In the last few years, the Digital Strategies Team has built many – 25, by last count – custom applications to support the work of RAC across all function areas, ranging from acquisition of digital records to providing access to digitized content (and everything in between). Because our colleagues rely on these applications to get things done, we want to ensure their ongoing stability, and also facilitate our ability to confidently make changes to these applications in response to user needs or security threats without breaking core application functionality.
Over the course of the last six months, the Digital Strategies team undertook three related projects to meet these goals:
- Enhanced management of application dependencies to ensure that applications are built on up-to-date and secure dependencies.
- Broader and deeper use of continuous integration (CI) methodologies and tools in order to ensure that applications remain in a working state as changes are made over time.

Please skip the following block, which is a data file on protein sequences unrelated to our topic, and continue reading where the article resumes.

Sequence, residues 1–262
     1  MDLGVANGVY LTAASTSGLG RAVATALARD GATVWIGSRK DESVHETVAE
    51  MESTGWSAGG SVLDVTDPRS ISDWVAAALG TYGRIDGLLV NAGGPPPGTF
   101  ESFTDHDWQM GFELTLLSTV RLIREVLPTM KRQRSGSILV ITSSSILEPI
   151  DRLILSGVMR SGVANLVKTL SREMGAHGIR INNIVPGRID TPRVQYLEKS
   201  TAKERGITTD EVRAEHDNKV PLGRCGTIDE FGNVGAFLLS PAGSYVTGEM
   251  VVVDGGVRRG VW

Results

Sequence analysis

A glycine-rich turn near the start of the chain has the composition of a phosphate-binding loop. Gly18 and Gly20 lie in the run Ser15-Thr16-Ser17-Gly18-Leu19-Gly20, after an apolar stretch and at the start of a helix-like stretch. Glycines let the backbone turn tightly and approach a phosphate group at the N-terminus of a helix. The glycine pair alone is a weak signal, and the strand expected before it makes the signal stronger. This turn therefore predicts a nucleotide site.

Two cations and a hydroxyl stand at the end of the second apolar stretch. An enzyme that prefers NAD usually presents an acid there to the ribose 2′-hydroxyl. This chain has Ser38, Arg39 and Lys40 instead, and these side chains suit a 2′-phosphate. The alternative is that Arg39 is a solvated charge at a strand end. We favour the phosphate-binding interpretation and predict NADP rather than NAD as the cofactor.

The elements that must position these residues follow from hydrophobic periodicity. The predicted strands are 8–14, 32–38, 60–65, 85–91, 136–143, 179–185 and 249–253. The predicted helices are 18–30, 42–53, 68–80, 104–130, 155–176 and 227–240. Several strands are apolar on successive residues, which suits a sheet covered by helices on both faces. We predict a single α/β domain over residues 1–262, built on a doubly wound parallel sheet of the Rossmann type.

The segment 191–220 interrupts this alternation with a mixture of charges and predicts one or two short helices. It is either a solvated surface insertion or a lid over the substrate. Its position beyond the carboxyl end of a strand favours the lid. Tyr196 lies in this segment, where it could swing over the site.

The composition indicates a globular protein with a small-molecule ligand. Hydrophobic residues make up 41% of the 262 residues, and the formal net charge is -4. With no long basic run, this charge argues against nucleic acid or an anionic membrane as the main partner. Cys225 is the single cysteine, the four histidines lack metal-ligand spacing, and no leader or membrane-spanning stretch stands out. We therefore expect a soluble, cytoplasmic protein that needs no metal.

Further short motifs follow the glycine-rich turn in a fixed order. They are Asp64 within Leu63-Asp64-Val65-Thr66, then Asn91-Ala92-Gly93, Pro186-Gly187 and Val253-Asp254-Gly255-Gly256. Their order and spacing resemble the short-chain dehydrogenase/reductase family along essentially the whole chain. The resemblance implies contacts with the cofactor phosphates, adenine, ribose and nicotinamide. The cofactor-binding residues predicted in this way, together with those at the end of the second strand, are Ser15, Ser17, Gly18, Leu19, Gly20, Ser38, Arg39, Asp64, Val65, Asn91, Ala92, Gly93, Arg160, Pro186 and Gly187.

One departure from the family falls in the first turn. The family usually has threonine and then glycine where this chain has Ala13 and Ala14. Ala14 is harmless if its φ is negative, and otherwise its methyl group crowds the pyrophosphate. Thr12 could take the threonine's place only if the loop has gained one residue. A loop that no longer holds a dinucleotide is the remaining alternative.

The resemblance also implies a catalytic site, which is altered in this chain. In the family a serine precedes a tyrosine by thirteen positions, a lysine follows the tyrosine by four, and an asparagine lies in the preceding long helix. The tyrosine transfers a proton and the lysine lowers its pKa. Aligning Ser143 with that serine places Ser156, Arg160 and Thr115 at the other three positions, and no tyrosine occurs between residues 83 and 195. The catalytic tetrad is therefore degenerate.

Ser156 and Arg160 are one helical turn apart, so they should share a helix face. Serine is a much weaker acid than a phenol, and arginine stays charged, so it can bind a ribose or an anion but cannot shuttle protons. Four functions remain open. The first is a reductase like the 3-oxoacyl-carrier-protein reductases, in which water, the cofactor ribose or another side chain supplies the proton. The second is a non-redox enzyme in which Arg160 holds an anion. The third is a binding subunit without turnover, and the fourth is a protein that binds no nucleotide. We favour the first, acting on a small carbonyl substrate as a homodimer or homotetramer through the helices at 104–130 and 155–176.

- Expanded use of continuous deployment (CD) methodologies and tools in order to decrease the time between application feature development and deployment, reduce the amount of manual labor required to deploy an application, and help to document and disseminate knowledge about application deployment.
These projects, which shared the common overall steps of setting a baseline and then implementing tooling to maintain or improve that baseline over time, have helped us level up our shared knowledge of systems, and what it takes to keep them running.
A common characteristic of many open-source applications - including the ones the RAC has developed over the last few years - is their reliance on code libraries or packages, which allow for common functions or application features to be reused. Keeping these dependencies up to date as they are updated by their maintainers, particularly when those changes make the dependencies more secure, is both critical and challenging.